In 2017, the Tulsa Zoo will begin offering its visitors a glimpse into the lives of rare and elusive species from all across Asia in its brand new exhibit, Lost Kingdom. As the first major new exhibit to open at the zoo in over 15 years, Lost Kingdom will add a plethora of new species and experiences to the zoo’s offerings.
The Lost Kingdom, which will span a three-acre footprint at the zoo, will most prominently feature close-up views and encounters with two iconic big cat species: Malayan tigers and snow leopards. In the tiger habitat, the zoo’s Malayan tigers will have an expansive exhibit to explore, and guests will have a variety of new ways to view the cats. One noteworthy element of the exhibit will be an overhead bridge allowing the tigers to climb over guest pathways. The bridge will offer enrichment to the tigers by allowing them to observe the guests from overhead, and the guests will be able to see the tigers from a rarely-seen angle. The tiger habitat will also be adjacent to a brand-new, unique dining experience. At the new restaurant, guests will be able to enjoy their meals while also looking out at the tigers through a large panel, which may lead to some fascinating encounters!
The centerpiece of the expansion will be a large viewing gallery inspired by the ancient temple of Angkor Wat in Cambodia. As guests approach the temple, they will find a gibbon habitat on their left, and a Komodo dragon exhibit on their right. Once inside the temple, guests will encounter additional viewing of the gibbons, Komodo dragons, and Malayan tigers, as well as an exhibit showcasing Chinese alligators. Across from the temple entrance will be another small exhibit complex that will be home to red pandas, binturongs, and an aviary.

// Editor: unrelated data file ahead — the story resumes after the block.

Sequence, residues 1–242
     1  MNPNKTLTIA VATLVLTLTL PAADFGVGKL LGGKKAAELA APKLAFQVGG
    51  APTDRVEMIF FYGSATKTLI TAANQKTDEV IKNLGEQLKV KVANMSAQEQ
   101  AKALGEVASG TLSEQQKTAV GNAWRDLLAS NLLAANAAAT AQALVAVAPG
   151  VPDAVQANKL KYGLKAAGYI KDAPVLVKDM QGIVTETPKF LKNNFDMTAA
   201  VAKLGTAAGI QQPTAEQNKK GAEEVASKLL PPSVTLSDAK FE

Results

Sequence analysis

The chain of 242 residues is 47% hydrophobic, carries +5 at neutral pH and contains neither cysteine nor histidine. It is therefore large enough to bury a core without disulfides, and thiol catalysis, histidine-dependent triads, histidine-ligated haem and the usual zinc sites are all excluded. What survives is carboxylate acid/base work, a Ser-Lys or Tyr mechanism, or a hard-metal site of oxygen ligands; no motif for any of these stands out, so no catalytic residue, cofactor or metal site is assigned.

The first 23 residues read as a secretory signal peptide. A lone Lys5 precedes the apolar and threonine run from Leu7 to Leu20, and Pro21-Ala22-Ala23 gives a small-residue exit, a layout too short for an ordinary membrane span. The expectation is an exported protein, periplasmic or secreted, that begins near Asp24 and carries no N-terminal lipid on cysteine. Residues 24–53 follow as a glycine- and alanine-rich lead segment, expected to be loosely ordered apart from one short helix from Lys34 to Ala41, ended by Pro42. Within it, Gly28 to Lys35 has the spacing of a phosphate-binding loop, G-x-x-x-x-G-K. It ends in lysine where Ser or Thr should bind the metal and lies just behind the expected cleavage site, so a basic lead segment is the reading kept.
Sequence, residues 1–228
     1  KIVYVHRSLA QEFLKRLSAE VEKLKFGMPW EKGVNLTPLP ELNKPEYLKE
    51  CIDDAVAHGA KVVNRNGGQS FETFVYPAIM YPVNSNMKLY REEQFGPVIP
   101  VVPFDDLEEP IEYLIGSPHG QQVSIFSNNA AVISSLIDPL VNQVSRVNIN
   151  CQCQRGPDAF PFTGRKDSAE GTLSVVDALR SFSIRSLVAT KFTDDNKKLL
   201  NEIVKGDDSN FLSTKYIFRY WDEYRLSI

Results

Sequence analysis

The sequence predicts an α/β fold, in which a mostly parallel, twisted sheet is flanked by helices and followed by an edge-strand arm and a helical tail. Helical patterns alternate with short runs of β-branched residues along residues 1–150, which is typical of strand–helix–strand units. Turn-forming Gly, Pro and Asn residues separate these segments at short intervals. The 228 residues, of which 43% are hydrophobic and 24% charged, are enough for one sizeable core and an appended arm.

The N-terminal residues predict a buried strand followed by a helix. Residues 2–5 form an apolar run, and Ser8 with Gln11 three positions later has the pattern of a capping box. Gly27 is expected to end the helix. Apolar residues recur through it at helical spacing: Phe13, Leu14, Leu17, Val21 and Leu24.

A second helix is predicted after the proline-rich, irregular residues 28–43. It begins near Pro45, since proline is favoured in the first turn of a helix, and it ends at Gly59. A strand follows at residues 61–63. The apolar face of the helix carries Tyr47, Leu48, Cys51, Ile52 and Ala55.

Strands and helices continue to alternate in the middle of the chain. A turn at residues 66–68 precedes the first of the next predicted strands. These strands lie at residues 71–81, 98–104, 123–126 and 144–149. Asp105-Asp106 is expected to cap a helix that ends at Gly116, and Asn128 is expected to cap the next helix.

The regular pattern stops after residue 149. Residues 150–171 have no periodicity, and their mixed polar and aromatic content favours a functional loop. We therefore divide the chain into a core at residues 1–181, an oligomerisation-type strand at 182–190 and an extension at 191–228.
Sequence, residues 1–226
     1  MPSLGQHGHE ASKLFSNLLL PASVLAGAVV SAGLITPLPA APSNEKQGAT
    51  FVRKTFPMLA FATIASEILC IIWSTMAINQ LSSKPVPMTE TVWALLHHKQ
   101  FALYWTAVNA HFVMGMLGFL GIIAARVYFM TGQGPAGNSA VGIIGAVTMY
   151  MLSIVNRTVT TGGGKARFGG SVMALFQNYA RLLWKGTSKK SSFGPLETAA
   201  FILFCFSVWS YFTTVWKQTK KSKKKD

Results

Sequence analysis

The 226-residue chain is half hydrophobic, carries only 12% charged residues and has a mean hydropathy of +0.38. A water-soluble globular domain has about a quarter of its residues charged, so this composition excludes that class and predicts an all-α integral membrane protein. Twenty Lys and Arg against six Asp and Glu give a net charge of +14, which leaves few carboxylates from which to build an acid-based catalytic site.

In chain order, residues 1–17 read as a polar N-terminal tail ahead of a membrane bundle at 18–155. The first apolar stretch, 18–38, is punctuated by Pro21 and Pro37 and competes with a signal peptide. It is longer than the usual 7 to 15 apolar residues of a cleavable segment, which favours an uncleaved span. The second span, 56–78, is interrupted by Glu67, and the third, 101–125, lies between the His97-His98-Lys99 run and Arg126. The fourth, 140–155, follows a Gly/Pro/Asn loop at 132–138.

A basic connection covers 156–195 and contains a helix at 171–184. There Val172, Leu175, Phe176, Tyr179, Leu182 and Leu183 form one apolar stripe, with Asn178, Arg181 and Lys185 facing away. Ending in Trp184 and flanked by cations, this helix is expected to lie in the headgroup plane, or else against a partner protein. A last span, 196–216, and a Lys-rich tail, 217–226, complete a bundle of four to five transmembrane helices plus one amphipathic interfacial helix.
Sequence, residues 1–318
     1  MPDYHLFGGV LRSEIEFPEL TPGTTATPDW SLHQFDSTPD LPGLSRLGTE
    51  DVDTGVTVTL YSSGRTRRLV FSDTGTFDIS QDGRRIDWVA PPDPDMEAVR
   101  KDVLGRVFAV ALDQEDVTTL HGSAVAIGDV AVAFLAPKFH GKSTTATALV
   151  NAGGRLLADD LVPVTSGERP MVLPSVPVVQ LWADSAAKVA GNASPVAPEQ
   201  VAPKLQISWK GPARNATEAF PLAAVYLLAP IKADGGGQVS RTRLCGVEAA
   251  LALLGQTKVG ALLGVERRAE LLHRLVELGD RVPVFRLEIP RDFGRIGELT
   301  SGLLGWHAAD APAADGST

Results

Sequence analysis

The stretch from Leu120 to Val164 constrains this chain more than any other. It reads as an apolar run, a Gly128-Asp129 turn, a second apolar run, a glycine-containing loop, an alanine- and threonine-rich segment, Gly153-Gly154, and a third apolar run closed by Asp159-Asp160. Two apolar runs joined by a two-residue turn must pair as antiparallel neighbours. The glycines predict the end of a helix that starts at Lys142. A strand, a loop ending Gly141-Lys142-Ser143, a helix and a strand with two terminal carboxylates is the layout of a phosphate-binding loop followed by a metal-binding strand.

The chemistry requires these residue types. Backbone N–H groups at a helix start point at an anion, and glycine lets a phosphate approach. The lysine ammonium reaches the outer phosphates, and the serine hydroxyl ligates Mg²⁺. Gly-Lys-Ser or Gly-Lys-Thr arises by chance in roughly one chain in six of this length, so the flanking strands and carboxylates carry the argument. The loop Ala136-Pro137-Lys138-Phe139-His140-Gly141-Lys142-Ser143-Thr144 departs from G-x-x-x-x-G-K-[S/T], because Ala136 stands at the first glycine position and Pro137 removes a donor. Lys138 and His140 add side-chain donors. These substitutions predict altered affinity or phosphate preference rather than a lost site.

The snow leopards in the exhibit complex will be located on the opposite side of the temple in an area designed to emulate the scenery of the Himalayan region of Asia. The snow leopard exhibit has been designed to include many rock formations and slopes, which reflects the snow leopards’ natural rocky mountainous habitats in central Asia. There are plans for training interaction walls at the big cat exhibits as well, which will allow guests to see natural behaviors of the cats as well as husbandry behaviors used for their healthcare.
The Lost Kingdom was designed by PGAV Destinations, an architecture firm in St. Louis, Missouri, and it is the second phase of the zoo’s “Building Beyond Your Wildest Dreams” master plan. The master plan was adopted in 2012, and it lays out the zoo’s capital projects for the next 20 years. Below, check out a concept video of the project: